January 18, 2003
“Absurd” Comedy Serves Serious Laughs


The Blue Slipper Theater’s latest offering, “Absurd Person Singular” by contemporary British writer Sir Alan Ayckbourn, is an offbeat, over-the-top, sometimes heartbreaking, sometimes scathing satire on the British class system and the marriages within it.

The story lights on three consecutive Christmas Eves, each in a different household of three couples. In the first, middle class general store owners Sidney and Jane Hopcroft are hosting a party to impress the upper-crust banker, Ronald Brewster-Wright (Scott Black), his wife Marion (Gillian Swanson), and their friends Geoffrey and Eva Jackson (Jason Moreland, Deb Corbett) in the hopes of securing a loan and expanding their business. The following Christmases show Geoffrey’s adultery, Eva’s attempted suicide, and Marion’s slide into alcoholism as business failures force Ronald to become dependent upon his largest depositor—the despised bourgeois Sidney.

This is a very long play, topping out at about three hours on opening night. The first act was slow, especially the first fifteen minutes, which didn’t have much dialogue, almost no humor, and little physical action. The second and third acts, though, blew by in a whirl of comedy and tragedy, overlapping the decadent breakdowns of the highbrow couples against the cheery, naďve industriousness of the Hopcrofts. The true shining moments of the play come from the witty, often racy dialogue between the men and the flawless drunken physical comedy and perfect timing of Gillian Swanson.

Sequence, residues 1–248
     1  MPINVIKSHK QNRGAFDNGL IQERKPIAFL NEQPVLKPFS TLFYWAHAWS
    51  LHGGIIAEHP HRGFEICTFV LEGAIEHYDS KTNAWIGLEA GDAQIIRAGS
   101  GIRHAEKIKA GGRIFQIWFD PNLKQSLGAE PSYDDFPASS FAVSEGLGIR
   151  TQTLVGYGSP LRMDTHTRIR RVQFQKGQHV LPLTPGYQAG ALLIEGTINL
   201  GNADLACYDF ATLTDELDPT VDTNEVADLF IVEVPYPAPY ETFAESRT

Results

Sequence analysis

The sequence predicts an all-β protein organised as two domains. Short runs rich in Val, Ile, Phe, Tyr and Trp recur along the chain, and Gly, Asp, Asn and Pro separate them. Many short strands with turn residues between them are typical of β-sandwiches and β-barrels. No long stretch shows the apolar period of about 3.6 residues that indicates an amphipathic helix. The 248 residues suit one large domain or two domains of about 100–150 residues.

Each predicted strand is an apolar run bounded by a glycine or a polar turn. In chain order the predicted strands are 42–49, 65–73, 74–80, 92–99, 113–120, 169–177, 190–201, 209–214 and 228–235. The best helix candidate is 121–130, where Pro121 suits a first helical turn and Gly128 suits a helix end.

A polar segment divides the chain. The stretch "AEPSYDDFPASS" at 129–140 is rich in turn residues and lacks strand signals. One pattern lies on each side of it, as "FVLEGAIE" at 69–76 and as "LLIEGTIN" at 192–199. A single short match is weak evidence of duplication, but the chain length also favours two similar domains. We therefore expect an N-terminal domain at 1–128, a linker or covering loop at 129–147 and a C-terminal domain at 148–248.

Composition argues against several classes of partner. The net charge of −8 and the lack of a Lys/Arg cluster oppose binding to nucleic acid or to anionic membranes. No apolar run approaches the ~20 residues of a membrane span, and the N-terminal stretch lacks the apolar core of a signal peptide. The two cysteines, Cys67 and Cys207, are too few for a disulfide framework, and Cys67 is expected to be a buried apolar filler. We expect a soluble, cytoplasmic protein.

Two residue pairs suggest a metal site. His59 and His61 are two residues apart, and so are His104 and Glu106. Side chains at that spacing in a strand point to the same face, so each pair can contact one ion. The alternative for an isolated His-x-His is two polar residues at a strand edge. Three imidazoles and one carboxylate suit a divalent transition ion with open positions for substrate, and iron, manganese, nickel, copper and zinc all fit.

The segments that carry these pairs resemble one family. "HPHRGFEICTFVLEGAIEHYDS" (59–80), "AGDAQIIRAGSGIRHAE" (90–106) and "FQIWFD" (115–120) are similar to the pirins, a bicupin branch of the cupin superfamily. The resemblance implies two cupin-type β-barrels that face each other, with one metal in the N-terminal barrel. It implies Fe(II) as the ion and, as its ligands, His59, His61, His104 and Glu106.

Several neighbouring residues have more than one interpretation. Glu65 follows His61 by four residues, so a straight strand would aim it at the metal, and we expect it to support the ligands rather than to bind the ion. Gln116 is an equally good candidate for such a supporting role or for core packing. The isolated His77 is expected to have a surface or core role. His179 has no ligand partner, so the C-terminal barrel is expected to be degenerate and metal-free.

“The meaning (of the play) is the reversals you see in life, plus the difficulties of marriage,” said director Gary Fish. “(It’s) crazy, difficult to act, difficult to direct, (but) in some respects it’s informative. You get a feeling for the British (life.)”

In an interesting chance, Fish saw a book about the staging of Ayckbourn’s plays which featured a round setting (meaning the audience is seated in a semi circle, creating the stage) which featured minimalist black-and-white sets, a concept that Fish considered perfect for the Slipper’s small stage. The effect draws the audience into the kitchens of the couples and forces their attention onto the vibrant characters in contrast to the simple set, which underscores the point of the play—the individual people alone in their small worlds and small marriages.

This was a very experienced cast, according to Fish, which made it possible to produce a complicated character-driven play in six short weeks. Despite some unevenness in the accents at the beginning and some sluggishness in the first act, “Absurd Person Singular” is as compelling and emotional as it is funny and entertaining. It was a beautifully delivered treat, worth every minute to see, and when the curtain falls, it leaves you wanting more.

For ticket information, contact the Blue Slipper box office, 222-7720.